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The maximum potential intensity (MPI) is a computed quantity that often sets a maximum bound for maximum hurricane wind speed, though rarely, the wind speeds observed can exceed it. MPI is based off of the idea that hurricanes effectively work as Carnot engines. Has there been a table produced with historic MPI calculations (reanalysis or forecast based)?

Also, is there a source that calculates MPI for each model and each hurricane?

For reference, $$v_{MPI}=\sqrt{\frac{C_k(T_s-T_0)}{C_dT_0}\Delta k}=\sqrt{\frac{T_sC_k}{T_0C_d}(CAPE_s-CAPE_b)}$$ where $v_{MPI}$ is the theoretical maximum speed (MPI), $C_k$ is the surface drag coefficient of enthalpy, $C_D$ is the surface drag coefficient, $\Delta k$ is the change in enthalpy between the surface and environment, $T_s$ is the sea surface temperature, $T_0$ is the outflow temperature, $CAPE_s$ is the convective available potential energy (CAPE) from sea level and $CAPE_b$ is the CAPE of the boundary layer air.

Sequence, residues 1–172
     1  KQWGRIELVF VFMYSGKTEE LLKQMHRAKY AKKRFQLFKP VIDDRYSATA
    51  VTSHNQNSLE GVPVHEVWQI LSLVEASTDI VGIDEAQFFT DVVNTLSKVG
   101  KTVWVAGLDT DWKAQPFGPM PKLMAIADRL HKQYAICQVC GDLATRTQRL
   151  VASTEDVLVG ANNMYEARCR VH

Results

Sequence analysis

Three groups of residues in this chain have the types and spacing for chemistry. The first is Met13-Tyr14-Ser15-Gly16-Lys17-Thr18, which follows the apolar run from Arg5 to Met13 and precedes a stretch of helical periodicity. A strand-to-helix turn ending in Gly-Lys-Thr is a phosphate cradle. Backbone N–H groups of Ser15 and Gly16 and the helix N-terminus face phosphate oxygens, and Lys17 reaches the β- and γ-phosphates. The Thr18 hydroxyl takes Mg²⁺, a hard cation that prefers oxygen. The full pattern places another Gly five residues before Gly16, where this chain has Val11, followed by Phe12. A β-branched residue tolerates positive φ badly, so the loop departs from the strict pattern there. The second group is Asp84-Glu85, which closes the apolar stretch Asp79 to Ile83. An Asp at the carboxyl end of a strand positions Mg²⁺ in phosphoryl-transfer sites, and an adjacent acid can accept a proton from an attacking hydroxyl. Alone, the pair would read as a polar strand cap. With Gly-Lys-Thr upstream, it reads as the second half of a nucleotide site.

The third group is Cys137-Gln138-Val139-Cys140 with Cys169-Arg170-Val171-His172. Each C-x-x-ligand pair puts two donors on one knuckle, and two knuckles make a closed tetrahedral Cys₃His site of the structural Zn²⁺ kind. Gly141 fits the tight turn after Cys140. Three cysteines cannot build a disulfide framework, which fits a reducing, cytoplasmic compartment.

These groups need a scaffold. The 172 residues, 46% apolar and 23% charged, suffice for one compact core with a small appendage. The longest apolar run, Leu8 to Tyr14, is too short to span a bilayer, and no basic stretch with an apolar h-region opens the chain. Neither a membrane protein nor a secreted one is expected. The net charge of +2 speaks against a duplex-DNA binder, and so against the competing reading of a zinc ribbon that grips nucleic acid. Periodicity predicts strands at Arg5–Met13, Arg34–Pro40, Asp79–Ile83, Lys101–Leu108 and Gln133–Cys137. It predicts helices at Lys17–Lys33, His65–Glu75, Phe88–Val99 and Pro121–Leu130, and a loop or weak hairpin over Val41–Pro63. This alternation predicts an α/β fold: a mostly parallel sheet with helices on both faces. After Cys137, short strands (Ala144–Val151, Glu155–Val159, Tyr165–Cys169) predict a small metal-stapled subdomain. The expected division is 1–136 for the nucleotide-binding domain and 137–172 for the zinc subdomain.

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This perhaps only indirectly addresses the question, but maybe it might be helpful. According to Kerry Emmanuel's book "Divine Wind", a hurricane can, in a sense, achieve super-Carnot efficiency without violating the Second Law of Thermodynamics. A hurricane's heat reservoir is the ocean surface at temperature Th and its cold reservoir is the tropopause at temperature Tc. Heat flow Q, mainly via water evaporating from the warm ocean and condensing in the cold upper troposphere is, according to the Carnot efficiency (Th - Tc)/Th, converted into work W as per W = Q(Th - Tc)/Th. But a hurricane's work output is the kinetic energy generation for its winds. With a hurricane in steady sate (constant wind speeds) kinetic energy generation is matched by frictional dissipation. Frictional dissipation of W into the hot reservoir reduces the net heat input required from the hot reservoir from Qh to Qh - W = Qc and raises the hurricane's efficiency to (Th - Tc)/Th X Qh/(Qh - W) = (Th - Tc)/Th X Qh/Qc = (Th - Tc)/Th X Th/Tc = (Th - Tc)/Tc. The Second Law of Thermodynamics is not violated because it allows work to be dissipated via friction as heat at any temperature --- at Th as well as at Tc. Of course the above assumes perfect or reversible operation. Like all real heat engines, hurricanes are imperfect. But perhaps it at least illustrates the point.

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